Dolphin Dance on Three Basses – Bass Practice Diary – 16th July 2019
This week I’ve been studying transcriptions of Herbie Hancock’s classic 1965 recording of Dolphin Dance from the Maiden Voyage album. I’ve always loved it as a piece of music and I think it perfectly captures what Herbie Hancock was about at that time and why he’s a genius. I’ve been attempting to transfer what I’ve studied onto three basses. 6 string fretted and fretless electric basses as well as upright bass.
The harmony is highly complex and jazz musicians have argued for decades over what are the correct chords to play. So, my main interest in analysing the transcriptions was to find out how Herbie Hancock himself voiced the chords, not only for the melody but also behind his own solo.
In spite of the complex jazz harmony, Dolphin Dance is first and foremost, a beautiful tune. And therein lies the genius of the composer. I’d compare it to tunes like Monk’s Round Midnight, Mingus’ Goodbye PorkPie Hat and Coltrane’s Naima. All beautiful melodies that are elevated by unusual and challenging harmonic structures.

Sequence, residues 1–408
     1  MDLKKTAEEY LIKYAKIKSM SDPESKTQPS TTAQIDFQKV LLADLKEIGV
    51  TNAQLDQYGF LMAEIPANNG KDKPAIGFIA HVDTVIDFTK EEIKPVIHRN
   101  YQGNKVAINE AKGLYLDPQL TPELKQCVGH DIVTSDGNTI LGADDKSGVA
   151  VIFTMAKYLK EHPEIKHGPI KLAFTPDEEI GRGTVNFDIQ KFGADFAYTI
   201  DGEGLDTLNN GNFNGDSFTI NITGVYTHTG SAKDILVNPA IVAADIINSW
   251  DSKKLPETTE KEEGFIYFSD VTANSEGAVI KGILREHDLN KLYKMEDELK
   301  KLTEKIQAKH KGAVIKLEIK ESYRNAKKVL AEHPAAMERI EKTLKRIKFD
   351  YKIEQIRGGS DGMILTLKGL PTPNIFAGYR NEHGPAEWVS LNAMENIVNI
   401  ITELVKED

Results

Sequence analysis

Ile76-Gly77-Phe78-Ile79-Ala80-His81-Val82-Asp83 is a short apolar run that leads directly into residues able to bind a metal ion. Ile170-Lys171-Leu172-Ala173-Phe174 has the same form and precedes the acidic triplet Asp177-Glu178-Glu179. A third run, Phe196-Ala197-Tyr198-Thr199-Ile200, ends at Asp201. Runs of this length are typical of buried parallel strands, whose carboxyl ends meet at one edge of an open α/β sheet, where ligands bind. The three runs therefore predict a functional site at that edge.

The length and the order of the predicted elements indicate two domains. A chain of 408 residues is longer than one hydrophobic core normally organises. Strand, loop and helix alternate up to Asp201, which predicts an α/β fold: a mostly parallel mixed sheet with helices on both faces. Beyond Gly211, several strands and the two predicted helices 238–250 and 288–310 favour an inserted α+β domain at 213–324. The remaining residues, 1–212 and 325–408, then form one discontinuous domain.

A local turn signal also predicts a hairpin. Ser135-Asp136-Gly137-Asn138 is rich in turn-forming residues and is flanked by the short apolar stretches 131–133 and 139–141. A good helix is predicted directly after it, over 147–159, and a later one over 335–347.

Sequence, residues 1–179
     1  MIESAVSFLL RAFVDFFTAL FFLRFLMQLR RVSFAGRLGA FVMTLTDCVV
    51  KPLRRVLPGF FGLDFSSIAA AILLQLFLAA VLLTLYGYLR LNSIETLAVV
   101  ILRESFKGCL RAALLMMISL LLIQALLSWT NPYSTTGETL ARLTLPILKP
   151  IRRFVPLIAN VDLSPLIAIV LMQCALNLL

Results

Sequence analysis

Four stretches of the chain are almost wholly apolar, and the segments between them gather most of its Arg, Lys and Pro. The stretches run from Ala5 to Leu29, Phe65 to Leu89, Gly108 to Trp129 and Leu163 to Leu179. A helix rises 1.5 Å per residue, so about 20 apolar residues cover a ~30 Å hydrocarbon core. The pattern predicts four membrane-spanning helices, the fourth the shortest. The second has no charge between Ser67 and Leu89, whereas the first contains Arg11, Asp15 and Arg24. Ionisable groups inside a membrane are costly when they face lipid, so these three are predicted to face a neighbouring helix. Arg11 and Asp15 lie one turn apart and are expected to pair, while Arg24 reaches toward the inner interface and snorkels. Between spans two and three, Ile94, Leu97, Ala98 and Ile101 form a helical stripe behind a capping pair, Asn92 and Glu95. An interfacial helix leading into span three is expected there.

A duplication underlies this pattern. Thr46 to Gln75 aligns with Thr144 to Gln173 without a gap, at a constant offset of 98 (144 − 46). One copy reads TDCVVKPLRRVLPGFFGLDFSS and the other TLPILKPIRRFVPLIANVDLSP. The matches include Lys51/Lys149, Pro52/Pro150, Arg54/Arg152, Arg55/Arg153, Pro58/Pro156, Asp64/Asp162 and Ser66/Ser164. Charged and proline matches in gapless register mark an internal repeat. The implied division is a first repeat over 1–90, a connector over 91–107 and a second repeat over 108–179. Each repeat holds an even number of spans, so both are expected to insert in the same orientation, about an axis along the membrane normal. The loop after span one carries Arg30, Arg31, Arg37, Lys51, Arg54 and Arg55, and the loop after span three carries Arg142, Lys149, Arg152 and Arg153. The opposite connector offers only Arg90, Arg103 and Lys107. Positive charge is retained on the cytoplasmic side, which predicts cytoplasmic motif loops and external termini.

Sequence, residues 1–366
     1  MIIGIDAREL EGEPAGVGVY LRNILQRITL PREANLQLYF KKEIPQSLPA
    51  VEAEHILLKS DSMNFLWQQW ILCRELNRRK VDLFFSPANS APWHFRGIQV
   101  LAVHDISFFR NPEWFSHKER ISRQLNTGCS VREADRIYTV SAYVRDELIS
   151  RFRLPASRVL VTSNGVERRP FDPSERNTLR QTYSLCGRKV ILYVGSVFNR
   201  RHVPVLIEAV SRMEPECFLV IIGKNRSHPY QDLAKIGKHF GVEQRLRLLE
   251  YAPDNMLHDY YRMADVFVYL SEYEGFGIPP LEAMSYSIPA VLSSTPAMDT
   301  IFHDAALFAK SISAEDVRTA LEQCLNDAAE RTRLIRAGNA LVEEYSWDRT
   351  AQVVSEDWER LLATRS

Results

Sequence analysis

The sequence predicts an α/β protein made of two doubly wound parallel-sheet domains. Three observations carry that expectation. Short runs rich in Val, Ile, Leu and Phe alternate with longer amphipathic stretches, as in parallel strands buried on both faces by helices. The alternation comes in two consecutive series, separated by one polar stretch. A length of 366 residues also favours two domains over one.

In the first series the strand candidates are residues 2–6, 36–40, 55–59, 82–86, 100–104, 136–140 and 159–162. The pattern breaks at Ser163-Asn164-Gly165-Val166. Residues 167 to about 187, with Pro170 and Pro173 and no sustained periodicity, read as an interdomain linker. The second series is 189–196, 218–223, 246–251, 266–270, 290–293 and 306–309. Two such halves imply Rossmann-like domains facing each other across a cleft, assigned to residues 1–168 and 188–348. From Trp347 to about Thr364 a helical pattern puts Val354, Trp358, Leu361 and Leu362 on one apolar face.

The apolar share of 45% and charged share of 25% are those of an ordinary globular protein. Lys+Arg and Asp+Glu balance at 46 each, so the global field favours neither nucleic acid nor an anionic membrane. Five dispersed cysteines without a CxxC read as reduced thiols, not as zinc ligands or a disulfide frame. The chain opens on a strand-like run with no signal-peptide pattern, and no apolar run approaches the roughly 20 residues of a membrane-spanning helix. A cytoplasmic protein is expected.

Bass Solo Transcription
I’ve transcribed one whole chorus of my bass solo. I’ve written the chord symbols in above the stave for reference. But I would advise you not to take them too seriously. I took the chord symbols from a book, but I wasn’t following them when I played my solo or when I recorded the chords. I was trying to follow the notes that Herbie Hancock actually played, and the chord symbols don’t necessarily represent a completely accurate picture of that.